Wednesday, February 29, 2012

swede heart


Consider, if you will, the rutabaga.


I never really have, aside from the fact that it is one of my favorite things to say. When I was a tot, my mother gave me Carl Sandburg’s Rootabaga Stories, a deeply weird collection of fables with names like “How They Bring Back the Village of Cream Puffs When the Wind Blows It Away,” and since then “rutabaga” has been in my top 10. It’s an excellent word. You can say it like a thug from Brooklyn, or with a little tonsil trill like a Swedish soprano might, or use it as a growling expletive, or a very effective courtside cheer for almost any sport. I have done all of these and more, but the rutabaga is not something I have ever really gotten involved with as a food. In fact, I have created a PR problem for it in my house, because whenever anyone asks suspiciously what I will be foisting on them for dinner (I made guacamole out of peas once--just once!--and my reputation has never really rebounded from it), I am likely to say something along the lines of “rutabaga fricassee” or “tangy rutabaga-clam pancakes.”


But now I have cooked a rutabaga, and it was good. Aside from its splendid visuals--purple and yellow! Come on, people!--the rutabaga, or swede, brings a lot to the table, like whopping amounts of vitamin C, iron, calcium and magnesium, and all the health-giving benefits of the Brassica family. The recipe I used came from a totally wonderful cookbook called Veganomicon, by a totally wonderful pair of cooks, Isa Chandra Moskowitz and Terry Hope Romero of the Post-Punk Kitchen, who have never steered me wrong in all the four books I have known them. They told me to put cilantro in my rutabaga, and I was skeptical. As usual, they were right. But they also said you could make it without cilantro and it would be delicious, and they were right about that, too. They included a dab of agave to sweeten this (2 tsp), which I can see the merits of, but I left it out. Your call.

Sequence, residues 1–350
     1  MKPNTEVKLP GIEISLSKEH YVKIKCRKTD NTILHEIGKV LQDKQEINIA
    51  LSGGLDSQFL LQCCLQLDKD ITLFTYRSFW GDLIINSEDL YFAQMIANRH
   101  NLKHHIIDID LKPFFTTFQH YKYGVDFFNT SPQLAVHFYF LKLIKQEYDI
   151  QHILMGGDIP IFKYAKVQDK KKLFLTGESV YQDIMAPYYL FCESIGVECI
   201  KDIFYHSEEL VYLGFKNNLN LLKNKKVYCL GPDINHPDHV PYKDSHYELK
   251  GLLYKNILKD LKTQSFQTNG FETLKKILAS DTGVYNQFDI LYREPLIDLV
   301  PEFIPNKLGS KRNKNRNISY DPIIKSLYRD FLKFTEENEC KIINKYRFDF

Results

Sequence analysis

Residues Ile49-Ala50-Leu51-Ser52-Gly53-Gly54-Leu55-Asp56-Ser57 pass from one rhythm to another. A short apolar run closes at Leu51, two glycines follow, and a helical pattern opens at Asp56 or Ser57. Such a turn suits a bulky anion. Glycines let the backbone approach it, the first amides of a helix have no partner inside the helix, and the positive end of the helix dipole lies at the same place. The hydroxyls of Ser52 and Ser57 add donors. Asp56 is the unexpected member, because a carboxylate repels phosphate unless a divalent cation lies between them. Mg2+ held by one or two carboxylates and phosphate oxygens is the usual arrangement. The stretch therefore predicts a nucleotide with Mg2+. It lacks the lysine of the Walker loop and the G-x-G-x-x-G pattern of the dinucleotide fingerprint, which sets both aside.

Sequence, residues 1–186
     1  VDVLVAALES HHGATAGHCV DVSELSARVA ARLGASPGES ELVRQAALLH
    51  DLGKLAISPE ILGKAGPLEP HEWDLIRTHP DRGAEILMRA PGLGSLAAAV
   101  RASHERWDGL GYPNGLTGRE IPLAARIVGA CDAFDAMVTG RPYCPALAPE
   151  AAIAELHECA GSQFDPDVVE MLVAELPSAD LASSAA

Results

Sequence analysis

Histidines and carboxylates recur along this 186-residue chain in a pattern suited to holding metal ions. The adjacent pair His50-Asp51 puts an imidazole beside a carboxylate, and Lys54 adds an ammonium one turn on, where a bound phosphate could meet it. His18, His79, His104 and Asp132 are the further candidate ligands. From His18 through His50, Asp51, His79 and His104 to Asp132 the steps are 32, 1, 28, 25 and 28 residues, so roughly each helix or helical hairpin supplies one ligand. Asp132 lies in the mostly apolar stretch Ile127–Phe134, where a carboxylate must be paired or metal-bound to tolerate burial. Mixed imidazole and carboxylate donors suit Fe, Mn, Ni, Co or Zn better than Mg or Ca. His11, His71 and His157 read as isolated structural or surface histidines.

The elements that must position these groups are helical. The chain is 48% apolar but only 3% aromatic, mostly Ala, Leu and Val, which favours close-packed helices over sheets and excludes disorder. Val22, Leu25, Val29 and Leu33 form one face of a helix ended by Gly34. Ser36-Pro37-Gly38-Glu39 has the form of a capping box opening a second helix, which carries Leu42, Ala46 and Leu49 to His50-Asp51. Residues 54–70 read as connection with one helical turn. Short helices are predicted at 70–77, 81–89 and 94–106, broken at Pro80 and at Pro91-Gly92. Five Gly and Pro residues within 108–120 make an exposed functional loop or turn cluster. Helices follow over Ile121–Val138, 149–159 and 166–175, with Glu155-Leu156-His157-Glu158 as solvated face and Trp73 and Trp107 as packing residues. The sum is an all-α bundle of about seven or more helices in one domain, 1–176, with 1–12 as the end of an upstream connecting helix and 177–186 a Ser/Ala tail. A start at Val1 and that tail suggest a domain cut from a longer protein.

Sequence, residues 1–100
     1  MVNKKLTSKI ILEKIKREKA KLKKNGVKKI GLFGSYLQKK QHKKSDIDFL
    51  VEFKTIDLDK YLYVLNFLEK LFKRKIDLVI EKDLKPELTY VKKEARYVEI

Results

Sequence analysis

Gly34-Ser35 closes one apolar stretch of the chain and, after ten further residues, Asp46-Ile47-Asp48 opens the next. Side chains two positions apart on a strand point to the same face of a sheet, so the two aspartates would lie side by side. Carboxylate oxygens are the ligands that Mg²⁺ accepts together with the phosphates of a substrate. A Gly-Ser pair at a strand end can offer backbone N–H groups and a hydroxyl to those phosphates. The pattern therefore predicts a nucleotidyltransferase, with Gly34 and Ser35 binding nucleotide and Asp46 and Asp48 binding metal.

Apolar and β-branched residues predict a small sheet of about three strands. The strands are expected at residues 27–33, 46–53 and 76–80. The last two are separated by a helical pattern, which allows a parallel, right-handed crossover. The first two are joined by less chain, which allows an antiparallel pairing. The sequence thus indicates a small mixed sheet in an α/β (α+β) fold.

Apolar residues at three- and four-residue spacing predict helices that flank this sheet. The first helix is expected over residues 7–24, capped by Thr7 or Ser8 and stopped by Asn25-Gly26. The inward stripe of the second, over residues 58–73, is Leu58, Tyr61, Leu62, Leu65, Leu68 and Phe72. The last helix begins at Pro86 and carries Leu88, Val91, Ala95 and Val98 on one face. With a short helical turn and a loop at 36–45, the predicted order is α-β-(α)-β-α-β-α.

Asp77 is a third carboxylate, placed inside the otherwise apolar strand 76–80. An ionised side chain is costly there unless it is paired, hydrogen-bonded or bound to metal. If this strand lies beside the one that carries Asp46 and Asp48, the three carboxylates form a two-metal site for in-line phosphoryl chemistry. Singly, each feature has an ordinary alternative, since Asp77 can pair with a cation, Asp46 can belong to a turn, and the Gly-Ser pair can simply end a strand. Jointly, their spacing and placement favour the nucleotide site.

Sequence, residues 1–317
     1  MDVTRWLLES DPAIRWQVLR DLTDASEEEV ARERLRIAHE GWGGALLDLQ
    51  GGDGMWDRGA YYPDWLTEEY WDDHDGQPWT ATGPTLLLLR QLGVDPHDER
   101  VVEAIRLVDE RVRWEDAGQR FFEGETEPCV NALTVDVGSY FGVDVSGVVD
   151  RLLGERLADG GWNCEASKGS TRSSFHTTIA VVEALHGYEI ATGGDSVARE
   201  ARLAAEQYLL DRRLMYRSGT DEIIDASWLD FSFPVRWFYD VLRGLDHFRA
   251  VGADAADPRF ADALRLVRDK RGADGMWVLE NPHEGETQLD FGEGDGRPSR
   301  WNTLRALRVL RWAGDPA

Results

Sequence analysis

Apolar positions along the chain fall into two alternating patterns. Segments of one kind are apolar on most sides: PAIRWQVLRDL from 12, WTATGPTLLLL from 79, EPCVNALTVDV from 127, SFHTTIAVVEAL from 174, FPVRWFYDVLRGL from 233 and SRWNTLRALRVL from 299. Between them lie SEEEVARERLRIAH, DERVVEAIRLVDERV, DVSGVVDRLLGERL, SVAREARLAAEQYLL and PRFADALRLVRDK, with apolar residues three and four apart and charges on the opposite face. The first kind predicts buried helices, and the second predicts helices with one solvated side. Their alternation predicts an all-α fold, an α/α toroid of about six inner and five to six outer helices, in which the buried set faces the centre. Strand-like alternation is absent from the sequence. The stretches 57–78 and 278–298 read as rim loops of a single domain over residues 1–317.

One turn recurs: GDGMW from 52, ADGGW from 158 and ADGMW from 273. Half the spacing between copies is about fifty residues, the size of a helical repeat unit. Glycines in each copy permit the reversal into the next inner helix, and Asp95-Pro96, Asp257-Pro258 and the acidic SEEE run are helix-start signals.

As a parting gift, here is an action shot from the 14th annual Ithaca Rutabaga Curling Competition.



IMG_0082
photo by Jerry Feist


Mashed rutabaga with coconut & lime

adapted from Veganomicon

2 ½ lbs rutabaga, peeled and chunked

¼ c coconut milk (use regular, not light, for maximum deliciousness)

2T lime juice

handful of chopped cilantro (or not)

salt to taste (didn't need much)


Put the rutabaga in a saucepan and cover with water; boil until fork-tender. Drain, and either transfer to a food processor with the remaining ingredients, or attack them right in the pot with a stick blender and see it all turn a lovely bright green. If you are not including the cilantro, you could use a potato masher instead.


2 comments:

  1. Sandburg's Rootabaga stories -- almost better than Dr. Seuss for reading aloud!!
    And have you tried rootabaga slices munched raw?

    ReplyDelete